SHERIDAN — While every interaction at the hospital is different for every person, hospital staff say they’ve had a chance to see what their patients are seeing.
Laura Lehan with PeAk Consulting updated the board on the patient forum the hospital put together in order to get feedback on its services.
It was a six-person roundtable, four participants were recent patients and two people whose family members had been patients at the hospital. The focus of the discussion was on the care the patients received and what the hospital can do to improve on its services.
Lehan said some of the discussion centered on what the hospital can do to better market the health care services it offers.
She said much of the feedback was positive, which isn’t always the case when you bring people together and give them the chance to point out the negatives of their experience.
“It’s a great thing for us to see things from other eyes,” Sheridan Memorial Hospital Chief Medical Officer Dr. John Addlesperger said.
Addlesperger gave an example of one of the things patients say tends to confuse them.
“There is some confusion about how the hospital service works; patients often see a different doctor every couple of days,” he said. “We know how it works, we know how it’s laid out, but from a patient perspective it’s not always clear.”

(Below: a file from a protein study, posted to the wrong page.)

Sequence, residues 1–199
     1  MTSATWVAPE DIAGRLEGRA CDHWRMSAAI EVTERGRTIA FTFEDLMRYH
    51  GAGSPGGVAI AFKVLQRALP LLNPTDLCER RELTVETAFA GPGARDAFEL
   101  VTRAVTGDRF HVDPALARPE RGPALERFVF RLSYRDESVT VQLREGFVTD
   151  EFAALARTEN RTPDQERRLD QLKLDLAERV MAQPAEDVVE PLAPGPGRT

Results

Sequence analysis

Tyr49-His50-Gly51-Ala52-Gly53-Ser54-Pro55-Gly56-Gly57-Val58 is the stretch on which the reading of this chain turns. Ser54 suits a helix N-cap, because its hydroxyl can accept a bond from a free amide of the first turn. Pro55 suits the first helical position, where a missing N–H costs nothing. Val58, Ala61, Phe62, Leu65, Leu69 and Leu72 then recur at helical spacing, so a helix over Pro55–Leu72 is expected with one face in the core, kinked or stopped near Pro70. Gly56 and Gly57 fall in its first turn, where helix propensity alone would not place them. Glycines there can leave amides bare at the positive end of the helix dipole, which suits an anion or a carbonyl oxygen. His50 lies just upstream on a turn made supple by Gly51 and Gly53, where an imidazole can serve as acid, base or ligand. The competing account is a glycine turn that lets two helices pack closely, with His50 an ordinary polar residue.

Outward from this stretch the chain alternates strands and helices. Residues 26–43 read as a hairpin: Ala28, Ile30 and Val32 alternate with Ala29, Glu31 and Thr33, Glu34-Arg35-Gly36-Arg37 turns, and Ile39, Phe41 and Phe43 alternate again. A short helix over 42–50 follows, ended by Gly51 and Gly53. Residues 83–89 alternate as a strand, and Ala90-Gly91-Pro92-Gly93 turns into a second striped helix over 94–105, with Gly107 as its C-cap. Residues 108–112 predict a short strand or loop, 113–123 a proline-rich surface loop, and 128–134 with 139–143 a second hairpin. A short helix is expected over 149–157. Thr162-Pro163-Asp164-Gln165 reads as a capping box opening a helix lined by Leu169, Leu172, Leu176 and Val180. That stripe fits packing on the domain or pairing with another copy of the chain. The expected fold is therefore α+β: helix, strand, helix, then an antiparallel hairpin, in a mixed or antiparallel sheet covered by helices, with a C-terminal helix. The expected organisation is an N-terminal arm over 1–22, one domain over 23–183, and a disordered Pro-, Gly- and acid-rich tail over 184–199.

Hospital staff members are going to continue looking at ways to improve understanding with patients.
In other business:
• The hospital received its yearly audit. CPA Jerrel Tucker, who performed the audit, said the hospital is performing well. He said for a hospital the size of SMH, with a new facility and everything that has been going on the last few years, having basically no debt is quite unique. He said that really helps the hospital have a strong foundation.
• The hospital is almost done with its survey of patient safety, with 98 percent of staff already having completed it. This survey is used to make sure people in various departments know what other departments are doing, and helps build trust so that employees aren’t worried about pointing out where an area of patient care may be improved.